For months, the White House, congressional Republicans and the conservative punditocracy have rebutted House Democrats’ impeachment efforts by arguing that President Trump’s July 25 phone call with his Ukrainian counterpart, Volodymyr Zelensky, didn’t amount to some nefarious “quid pro quo.”
This strategy is mistaken. The “no quid pro quo” clash amounts to a semantic debate over a phone call transcript. And it is largely unpersuasive, on its own terms, and especially to the president’s haters.
Instead, there is a more intellectually compelling and politically potent line of argument that Trump and his defenders ought to adopt — free speech.
In 2014, a Texas grand jury indicted then-Gov. Rick Perry for supposedly abusing his official capacity when he threatened to withhold $7.5 million in funding for the Travis County district attorney’s public-integrity unit unless the troubled DA resigned her post.
Let’s call a spade a spade: This was a quid pro quo.
At the time, an illustrious and ideologically diverse group of legal scholars — ranging from former Judge Michael McConnell and former US Attorney General Michael Mukasey on the right to liberal free-speech champions Floyd Abrams and Alan Dershowitz on the left — argued that the First Amendment protects a governmental official’s right to threaten taking a lawful action to attain a preferred political outcome.
In a nutshell, they argued that Perry’s threat amounted to constitutionally protected “core political speech.”
The Texas Court of Criminal Appeals, which is the Lone Star State’s highest court for criminal cases, agreed. “Public servants have a First Amendment right to engage in expression, even threats, regarding their official duties,” the court held. “Many threats that … public servants make as part of the normal functioning of government” would be criminalized under the special prosecutor’s legal theory, the court continued.
The Texas Court of Criminal Appeals’ rationale is neither partisan nor political; it is pure logic and common sense. And it was based on the crown jewel of our Constitution’s Bill of Rights: the First Amendment’s free-speech protection.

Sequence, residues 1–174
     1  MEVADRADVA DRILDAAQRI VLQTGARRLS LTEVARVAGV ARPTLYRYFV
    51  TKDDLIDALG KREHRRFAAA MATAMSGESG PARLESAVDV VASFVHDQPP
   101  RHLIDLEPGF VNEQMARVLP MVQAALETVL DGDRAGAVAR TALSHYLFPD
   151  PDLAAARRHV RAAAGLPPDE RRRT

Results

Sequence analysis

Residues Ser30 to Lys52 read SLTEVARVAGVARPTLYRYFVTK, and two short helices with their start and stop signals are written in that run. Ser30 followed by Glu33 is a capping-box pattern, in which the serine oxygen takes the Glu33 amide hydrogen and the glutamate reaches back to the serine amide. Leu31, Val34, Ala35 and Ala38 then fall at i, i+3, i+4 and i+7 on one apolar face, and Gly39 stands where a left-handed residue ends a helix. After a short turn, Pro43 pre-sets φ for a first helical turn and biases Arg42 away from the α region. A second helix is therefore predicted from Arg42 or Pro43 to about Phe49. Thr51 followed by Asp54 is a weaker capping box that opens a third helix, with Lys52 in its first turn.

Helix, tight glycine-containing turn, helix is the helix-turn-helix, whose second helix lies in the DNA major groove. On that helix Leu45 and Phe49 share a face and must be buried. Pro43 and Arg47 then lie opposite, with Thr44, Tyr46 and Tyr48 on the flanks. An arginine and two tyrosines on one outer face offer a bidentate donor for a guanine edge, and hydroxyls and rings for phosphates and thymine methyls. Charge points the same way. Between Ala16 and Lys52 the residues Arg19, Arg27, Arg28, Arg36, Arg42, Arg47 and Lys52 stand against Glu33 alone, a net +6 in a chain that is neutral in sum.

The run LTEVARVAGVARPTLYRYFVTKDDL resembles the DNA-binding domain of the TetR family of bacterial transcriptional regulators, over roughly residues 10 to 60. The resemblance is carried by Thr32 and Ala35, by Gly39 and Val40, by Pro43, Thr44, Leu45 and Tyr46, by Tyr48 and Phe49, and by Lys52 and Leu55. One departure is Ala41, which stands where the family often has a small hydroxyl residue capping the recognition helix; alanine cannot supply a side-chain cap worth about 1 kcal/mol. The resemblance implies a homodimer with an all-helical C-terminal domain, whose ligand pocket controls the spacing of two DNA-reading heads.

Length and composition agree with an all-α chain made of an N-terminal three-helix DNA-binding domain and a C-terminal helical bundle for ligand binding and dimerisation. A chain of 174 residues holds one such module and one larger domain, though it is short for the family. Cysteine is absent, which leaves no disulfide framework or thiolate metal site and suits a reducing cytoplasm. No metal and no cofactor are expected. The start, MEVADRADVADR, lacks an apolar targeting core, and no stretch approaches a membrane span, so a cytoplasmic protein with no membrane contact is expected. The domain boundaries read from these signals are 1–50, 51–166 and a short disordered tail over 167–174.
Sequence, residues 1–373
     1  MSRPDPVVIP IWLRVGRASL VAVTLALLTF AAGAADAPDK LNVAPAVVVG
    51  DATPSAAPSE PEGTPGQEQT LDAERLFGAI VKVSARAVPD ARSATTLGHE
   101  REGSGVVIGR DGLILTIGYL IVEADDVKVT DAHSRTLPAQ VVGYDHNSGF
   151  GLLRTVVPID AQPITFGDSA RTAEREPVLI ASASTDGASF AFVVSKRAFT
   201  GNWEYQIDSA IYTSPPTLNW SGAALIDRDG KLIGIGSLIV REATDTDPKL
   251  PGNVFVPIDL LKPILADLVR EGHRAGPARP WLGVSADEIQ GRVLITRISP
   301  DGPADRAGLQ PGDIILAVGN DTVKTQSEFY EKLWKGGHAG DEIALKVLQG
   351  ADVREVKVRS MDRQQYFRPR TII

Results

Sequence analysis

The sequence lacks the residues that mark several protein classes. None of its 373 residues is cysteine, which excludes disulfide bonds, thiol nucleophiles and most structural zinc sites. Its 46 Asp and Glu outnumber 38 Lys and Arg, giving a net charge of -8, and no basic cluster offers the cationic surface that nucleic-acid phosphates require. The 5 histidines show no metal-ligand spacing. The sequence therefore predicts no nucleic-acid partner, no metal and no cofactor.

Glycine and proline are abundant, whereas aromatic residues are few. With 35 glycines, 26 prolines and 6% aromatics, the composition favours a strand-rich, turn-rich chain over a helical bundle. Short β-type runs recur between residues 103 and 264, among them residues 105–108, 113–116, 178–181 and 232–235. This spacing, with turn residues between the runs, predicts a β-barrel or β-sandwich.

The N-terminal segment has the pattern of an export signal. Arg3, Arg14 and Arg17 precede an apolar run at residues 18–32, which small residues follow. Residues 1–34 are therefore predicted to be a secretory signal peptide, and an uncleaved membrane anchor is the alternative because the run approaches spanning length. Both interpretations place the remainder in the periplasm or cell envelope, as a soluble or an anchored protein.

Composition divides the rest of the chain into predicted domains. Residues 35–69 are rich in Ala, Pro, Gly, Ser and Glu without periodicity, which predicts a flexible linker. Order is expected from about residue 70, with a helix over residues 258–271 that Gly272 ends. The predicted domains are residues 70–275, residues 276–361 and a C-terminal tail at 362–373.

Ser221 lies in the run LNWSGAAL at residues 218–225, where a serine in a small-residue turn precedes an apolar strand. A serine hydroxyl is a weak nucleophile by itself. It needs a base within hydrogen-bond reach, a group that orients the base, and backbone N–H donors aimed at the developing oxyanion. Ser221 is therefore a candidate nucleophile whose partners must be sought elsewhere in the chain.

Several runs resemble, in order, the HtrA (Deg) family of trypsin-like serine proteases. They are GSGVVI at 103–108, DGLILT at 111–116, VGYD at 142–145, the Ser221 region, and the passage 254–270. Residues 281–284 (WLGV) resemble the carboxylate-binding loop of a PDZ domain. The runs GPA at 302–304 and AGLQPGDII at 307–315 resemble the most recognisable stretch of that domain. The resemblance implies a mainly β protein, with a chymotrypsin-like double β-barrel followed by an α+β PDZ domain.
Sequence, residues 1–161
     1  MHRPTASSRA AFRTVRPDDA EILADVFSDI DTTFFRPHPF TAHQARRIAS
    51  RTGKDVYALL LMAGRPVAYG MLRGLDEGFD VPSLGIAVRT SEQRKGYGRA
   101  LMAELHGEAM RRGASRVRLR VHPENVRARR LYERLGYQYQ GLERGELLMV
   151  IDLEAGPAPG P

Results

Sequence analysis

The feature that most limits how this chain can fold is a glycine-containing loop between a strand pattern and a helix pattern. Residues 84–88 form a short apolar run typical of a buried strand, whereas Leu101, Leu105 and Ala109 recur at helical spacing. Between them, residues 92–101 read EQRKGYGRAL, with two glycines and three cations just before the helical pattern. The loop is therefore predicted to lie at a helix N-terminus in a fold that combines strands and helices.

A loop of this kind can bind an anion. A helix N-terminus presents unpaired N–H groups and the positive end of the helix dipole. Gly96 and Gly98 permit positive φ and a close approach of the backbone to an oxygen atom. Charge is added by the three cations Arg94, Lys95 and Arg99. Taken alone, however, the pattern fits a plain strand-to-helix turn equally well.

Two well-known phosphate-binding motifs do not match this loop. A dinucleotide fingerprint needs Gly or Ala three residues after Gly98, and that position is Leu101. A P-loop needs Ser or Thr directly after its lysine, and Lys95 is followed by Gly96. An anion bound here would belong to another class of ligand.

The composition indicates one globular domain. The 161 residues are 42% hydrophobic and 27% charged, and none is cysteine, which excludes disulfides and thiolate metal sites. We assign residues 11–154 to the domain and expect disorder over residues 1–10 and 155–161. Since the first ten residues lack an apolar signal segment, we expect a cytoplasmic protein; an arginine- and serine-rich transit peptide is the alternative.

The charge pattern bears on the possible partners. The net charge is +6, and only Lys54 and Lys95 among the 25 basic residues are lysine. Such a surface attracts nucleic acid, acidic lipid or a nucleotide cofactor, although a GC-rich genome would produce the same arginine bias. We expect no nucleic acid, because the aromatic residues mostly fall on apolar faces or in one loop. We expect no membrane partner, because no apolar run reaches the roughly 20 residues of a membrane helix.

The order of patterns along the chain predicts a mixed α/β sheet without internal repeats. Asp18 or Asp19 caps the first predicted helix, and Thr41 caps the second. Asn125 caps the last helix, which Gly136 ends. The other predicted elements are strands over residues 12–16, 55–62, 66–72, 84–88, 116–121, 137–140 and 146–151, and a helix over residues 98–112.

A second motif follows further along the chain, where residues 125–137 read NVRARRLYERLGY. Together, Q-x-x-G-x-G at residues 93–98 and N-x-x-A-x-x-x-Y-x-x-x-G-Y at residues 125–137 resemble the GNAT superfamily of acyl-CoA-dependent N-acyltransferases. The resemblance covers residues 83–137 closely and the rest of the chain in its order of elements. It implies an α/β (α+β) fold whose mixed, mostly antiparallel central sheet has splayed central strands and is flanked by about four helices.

Fact is, the quid-pro-quo bogeyman is a routine occurrence in our day-to-day politics. The entire legislative premise of logrolling, a practice as old as Congress itself, is premised on quid-pro-quo arrangements.
In more modern times, before issuing his executive amnesty in 2014, President Barack Obama consistently threatened to use his “pen and phone” if Congress didn’t pass the laws he desired when it came to immigration policy. Similarly, committee chairmen routinely threaten to take away unruly lawmakers’ committee assignments if they fail to vote in accordance with congressional leadership’s desires.
To treat such cajoling as a high crime — and impeachable if the US president does it — would render governing impossible.
How can the duly elected president of the United States be removed from office for engaging in constitutionally protected speech aimed at getting a foreign leader to investigate corruption and past election meddling?
In Federalist 65, Alexander Hamilton defined the Constitution’s “high crimes and misdemeanors” impeachment criterion as an “abuse or violation of some public trust.” How can the president’s use of constitutionally protected speech — in pursuit of his foreign policy, however idiosyncratic — amount to such abuse? It plainly can’t.
Political exchanges for political value are ubiquitous in our politics. If this conduct is unlawful, then virtually every politician in Washington, DC, should be in prison. And if this conduct is merely so unethical so as to require removal from office, then every president over at least the past century ought to have been impeached, and every legislator in the current Congress ought to be removed, as well.
The most intellectually tenable and politically far-reaching impeachment defense is therefore one that rests on the First Amendment itself.
Adapted from The Daily Wire, where Josh Hammer is editor-at-large. Twitter: @Josh_Hammer